Posted by: kzaitzruns | December 18, 2012

If only a marathon was 8.8 miles…

I haven’t written a post solely about my experience at the California International Marathon and feel I owe it to all those who follow my career and support my endeavors.

It’s taken me a bit of time to comprehend the result and frankly I was a bit heartbroken and disappointed beyond words. While it’s probably the quickest I’ve accepted an injury over the span of my career, it doesn’t mean it it’s been any easier to swallow.

An injury is an injury frankly, but this time I was initially provoked with more emotion than past injuries. That’s because it’s the first marathon I was truly ready to run a big personal best both physically and mentally. I was on pace, right where I wanted to be, feeling calm and comfortable despite the rain and wind. Then it happened…

I didn’t think anything of it at first, it was a simple ankle twist on the reflectors lining the middle of the road. I’ve twisted my ankles more times than I can count over the course of my career. Usually you can run it off… In this case, that’s what I did, not thinking much of it. Until mile three when the outside of my right foot started to get tight. Over the course of the next 5.5 miles it started to get worse, but I kept putting it out of my mind, still not thinking much about it. Despite having to tweak the way my foot hit the ground, I was still running my pace comfortably and in control.

Then in a split second my marathon was over, just before I reached mile 9. I heard and felt my foot “pop”! Immediately I knew it was broken even though I didn’t know what that felt like. I was in denial at first and couldn’t believe everything I had worked so hard for over the past year was now slipping away out of my control. I ran a few more steps telling myself I could finish, to be tough, but I couldn’t put ANY weight on my right foot. There was no way I would be finishing this marathon.  I was inconsolable as I got into a police car so I could be driven to mile 13 where my family would be waiting to see me run by.  No one expected to see me hobble on one foot out of a police car, I was supossed to be racing by with the lead pack, looking confident and strong.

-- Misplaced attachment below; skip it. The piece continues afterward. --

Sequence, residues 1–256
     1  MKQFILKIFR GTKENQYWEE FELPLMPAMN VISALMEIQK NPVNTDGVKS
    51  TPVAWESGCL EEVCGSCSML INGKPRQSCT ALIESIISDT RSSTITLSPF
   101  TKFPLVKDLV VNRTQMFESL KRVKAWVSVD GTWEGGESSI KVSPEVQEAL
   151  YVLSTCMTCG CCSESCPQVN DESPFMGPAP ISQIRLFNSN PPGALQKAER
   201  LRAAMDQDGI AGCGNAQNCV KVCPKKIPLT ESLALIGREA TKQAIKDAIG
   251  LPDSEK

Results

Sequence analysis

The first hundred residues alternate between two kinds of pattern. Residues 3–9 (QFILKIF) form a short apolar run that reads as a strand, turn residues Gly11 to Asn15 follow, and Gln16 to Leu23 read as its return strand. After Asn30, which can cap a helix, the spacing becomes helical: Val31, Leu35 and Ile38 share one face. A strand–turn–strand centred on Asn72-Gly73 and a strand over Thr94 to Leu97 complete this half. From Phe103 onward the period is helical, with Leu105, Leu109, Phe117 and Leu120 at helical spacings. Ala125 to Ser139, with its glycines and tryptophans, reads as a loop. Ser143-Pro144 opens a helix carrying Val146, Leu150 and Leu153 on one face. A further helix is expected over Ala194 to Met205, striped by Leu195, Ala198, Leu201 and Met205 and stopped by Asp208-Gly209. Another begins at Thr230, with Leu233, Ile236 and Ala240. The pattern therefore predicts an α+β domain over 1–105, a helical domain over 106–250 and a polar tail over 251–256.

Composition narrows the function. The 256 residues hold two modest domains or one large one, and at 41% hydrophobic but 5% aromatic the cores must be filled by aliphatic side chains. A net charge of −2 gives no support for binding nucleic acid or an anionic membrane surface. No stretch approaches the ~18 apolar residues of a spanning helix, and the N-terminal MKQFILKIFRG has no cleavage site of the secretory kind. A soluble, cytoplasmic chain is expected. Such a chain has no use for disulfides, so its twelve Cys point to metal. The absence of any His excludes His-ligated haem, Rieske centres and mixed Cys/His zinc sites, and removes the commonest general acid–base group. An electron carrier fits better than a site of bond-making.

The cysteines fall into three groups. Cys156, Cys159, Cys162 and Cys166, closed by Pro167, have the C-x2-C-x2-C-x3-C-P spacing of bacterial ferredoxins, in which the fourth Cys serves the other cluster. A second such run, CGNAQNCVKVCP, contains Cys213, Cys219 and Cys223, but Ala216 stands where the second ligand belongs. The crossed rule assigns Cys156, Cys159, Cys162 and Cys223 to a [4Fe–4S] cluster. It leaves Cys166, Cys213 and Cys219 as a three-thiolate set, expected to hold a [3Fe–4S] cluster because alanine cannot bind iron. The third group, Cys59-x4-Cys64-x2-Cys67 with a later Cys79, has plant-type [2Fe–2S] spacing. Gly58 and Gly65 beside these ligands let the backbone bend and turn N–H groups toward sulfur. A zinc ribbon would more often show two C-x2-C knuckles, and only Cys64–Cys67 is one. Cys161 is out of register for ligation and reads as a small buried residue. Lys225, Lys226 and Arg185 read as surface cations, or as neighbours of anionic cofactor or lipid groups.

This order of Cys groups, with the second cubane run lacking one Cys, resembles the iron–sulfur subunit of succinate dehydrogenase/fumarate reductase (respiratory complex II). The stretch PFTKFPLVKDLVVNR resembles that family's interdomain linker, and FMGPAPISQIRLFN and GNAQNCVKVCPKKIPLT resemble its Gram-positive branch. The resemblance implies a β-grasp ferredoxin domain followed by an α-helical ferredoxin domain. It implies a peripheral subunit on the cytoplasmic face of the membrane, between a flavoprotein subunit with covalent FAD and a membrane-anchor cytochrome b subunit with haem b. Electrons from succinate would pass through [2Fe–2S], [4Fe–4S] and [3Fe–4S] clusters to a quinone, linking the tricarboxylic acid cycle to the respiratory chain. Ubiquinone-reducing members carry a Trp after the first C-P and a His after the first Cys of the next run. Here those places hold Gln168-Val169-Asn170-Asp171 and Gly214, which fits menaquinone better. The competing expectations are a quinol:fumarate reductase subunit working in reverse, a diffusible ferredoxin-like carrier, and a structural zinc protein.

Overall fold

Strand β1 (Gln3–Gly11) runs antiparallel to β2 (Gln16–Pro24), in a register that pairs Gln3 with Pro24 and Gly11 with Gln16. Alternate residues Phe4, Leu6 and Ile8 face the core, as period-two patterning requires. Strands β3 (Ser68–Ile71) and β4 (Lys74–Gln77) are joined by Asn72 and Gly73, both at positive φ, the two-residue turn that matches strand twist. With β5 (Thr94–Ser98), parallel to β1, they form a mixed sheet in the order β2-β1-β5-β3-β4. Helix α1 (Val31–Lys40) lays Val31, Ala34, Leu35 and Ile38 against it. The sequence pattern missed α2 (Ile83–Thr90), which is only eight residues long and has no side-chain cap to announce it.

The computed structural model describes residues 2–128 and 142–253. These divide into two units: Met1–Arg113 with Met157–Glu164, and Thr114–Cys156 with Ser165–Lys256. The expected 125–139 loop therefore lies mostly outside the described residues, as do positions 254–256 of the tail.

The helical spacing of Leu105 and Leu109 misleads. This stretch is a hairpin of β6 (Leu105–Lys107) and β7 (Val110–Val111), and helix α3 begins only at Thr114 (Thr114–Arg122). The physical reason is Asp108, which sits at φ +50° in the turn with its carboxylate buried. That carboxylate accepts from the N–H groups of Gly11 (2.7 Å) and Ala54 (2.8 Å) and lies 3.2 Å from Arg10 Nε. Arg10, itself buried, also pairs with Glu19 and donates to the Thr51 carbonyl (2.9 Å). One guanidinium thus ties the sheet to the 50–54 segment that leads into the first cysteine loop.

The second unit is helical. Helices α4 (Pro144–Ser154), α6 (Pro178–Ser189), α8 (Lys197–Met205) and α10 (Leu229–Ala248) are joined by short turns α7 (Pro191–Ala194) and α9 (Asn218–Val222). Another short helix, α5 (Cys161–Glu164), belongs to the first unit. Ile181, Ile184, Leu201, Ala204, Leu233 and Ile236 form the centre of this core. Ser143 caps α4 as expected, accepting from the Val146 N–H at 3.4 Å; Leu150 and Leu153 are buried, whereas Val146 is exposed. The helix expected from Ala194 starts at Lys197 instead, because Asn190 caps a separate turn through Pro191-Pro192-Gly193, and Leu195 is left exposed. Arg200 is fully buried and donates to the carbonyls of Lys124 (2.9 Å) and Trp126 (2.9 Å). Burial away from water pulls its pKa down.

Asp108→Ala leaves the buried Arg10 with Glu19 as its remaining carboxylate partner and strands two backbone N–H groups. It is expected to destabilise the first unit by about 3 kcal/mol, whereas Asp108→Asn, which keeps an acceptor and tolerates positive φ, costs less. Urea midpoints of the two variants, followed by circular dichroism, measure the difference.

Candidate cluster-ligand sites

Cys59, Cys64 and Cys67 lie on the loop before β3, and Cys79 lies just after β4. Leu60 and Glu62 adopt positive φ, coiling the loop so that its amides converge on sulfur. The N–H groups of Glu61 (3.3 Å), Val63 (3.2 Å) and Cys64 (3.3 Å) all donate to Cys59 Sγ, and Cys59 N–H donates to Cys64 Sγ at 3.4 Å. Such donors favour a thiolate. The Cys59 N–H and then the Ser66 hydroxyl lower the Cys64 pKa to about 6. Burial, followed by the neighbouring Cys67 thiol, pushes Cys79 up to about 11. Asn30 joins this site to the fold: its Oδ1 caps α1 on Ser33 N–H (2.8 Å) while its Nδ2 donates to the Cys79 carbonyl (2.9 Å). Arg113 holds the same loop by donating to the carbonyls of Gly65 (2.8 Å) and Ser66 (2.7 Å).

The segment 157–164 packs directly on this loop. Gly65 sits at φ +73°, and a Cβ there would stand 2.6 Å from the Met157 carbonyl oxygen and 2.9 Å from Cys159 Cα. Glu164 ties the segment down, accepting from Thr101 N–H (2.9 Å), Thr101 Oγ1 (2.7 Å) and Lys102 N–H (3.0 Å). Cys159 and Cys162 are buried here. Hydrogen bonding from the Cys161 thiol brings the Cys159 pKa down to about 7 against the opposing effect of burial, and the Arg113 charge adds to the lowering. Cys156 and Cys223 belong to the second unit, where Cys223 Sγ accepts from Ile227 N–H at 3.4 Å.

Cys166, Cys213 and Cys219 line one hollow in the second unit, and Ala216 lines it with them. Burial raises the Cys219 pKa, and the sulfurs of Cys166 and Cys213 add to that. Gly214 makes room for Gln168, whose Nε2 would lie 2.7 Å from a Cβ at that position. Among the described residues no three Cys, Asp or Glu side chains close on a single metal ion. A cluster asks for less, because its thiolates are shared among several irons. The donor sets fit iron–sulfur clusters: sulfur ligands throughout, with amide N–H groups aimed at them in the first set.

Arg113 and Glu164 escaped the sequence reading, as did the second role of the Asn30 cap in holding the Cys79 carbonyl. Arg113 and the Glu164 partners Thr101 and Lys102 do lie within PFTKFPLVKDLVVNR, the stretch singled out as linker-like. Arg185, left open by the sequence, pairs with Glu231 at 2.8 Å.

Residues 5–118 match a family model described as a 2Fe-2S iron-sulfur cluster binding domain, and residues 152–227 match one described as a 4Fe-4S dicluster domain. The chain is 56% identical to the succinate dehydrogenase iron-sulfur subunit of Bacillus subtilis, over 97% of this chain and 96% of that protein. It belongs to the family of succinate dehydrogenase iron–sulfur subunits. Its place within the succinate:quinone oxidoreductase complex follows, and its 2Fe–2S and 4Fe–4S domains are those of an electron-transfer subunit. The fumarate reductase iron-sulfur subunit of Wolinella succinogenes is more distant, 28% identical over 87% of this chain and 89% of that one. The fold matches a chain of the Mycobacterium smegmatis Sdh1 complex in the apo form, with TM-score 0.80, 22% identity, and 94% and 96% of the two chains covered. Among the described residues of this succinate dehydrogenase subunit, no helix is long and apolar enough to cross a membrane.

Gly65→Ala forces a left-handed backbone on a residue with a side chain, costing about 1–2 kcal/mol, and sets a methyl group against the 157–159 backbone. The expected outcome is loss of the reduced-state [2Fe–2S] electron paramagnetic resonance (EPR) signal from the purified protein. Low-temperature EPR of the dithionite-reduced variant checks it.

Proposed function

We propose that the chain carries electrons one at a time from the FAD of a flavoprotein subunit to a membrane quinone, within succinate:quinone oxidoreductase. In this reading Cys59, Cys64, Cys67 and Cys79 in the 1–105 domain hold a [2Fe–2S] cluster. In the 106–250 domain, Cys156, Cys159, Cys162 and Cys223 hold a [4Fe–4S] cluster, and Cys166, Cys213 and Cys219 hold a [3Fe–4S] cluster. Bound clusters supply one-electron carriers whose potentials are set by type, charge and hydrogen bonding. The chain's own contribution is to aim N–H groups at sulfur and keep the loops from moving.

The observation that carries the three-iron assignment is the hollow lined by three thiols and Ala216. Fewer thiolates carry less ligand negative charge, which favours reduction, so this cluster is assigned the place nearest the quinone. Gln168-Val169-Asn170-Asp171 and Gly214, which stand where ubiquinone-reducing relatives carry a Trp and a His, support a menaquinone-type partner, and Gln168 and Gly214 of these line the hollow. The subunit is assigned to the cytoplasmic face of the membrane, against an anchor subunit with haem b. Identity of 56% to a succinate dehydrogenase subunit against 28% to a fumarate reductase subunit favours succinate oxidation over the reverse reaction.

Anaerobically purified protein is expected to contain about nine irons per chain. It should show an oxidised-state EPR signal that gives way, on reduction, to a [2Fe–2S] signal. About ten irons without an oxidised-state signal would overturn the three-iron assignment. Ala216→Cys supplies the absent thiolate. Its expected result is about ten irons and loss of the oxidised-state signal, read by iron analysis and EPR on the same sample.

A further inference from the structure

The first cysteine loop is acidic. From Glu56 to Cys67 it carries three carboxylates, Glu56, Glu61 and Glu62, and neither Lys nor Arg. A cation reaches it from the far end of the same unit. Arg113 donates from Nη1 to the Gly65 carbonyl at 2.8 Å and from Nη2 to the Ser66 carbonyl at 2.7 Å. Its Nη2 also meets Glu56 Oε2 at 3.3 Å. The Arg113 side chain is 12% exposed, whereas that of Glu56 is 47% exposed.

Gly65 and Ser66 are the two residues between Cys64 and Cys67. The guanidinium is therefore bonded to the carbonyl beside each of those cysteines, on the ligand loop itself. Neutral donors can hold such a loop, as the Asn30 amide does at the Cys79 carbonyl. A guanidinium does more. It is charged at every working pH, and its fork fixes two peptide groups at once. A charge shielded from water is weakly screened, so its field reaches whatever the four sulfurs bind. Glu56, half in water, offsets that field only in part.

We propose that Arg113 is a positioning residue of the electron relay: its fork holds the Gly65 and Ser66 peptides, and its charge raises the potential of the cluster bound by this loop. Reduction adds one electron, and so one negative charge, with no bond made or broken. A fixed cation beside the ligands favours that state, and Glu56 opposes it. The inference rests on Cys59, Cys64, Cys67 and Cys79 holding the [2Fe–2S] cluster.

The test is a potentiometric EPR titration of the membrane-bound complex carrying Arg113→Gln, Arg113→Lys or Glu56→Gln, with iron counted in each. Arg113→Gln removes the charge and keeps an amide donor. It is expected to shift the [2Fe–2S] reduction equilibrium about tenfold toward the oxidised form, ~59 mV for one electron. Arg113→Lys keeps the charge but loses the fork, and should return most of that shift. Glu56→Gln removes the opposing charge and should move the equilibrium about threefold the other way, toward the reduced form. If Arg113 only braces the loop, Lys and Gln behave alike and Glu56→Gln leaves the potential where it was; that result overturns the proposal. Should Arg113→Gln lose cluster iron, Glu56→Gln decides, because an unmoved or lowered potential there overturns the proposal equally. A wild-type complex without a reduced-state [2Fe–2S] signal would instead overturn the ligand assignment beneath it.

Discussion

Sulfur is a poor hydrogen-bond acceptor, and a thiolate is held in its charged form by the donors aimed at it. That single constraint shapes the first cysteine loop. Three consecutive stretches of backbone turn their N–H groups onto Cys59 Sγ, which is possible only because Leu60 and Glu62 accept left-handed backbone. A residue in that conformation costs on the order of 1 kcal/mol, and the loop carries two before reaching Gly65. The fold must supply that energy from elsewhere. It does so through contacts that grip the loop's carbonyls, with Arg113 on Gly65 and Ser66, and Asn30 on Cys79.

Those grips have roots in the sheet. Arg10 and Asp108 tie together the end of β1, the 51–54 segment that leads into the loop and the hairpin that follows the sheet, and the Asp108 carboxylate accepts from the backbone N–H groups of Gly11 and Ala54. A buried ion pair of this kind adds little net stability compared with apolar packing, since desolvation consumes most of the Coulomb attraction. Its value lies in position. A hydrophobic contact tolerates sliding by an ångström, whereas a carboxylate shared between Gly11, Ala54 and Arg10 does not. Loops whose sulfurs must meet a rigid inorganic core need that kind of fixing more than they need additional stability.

Injuries have plagued my career but it’s usually because I’ve done something stupid, like trip over a box in the garage because I’m in too much of a hurry! This was what I consider, just plain old misfortune! I have to remind myself it’s not about the destination but the journey.

Let’s just say my 4 week break after the marathon, has not been as planned. My birthday the day after the marathon was still celebrated in Napa and Sonoma with my husband and friends, but I thought I’d be celebrating not only my birthday but a huge PR. Once again it reminds me of an old adage that goes something like this, “If you want God to laugh, just tell him your plans!” Now I’m at home, with a broken 5th metatarsal.  Thankfully, no surgery but no weight bearing for 4 weeks  from the date of the injury.  After that another 4 weeks off  cross training and introducing my body to weight bearing. Really it’s only 4 more weeks off than originally planned, so it only moves my racing schedule back a month; but any runner knows how hard it is to be told you are not allowed to run!

I’ve come to terms with what has happened, I had to if I wanted to move forward. It’s too hard to heal from an injury when you are fighting it and feeling pity for yourself. I’ve set new goals and I will continue to enjoy the journey whatever that may be, because that is what life is really all about. I know I will be back even stronger than ever because that’s just how I am. I look forward to racing in 2013 with a new sponsor (Brooks) and believe it’s a sign of great things to come for my running career. Thank you Mizuno for the support over the last two years.  In the meantime, I must be patient and positive in mind and spirit! 

I will end with one of my favorite quotes that my coach framed for me back in high school:

“Success is to be measured not so much by the position that one has reached in life as by the obstacles which he has overcome while trying to succeed.”
— Booker T. Washington

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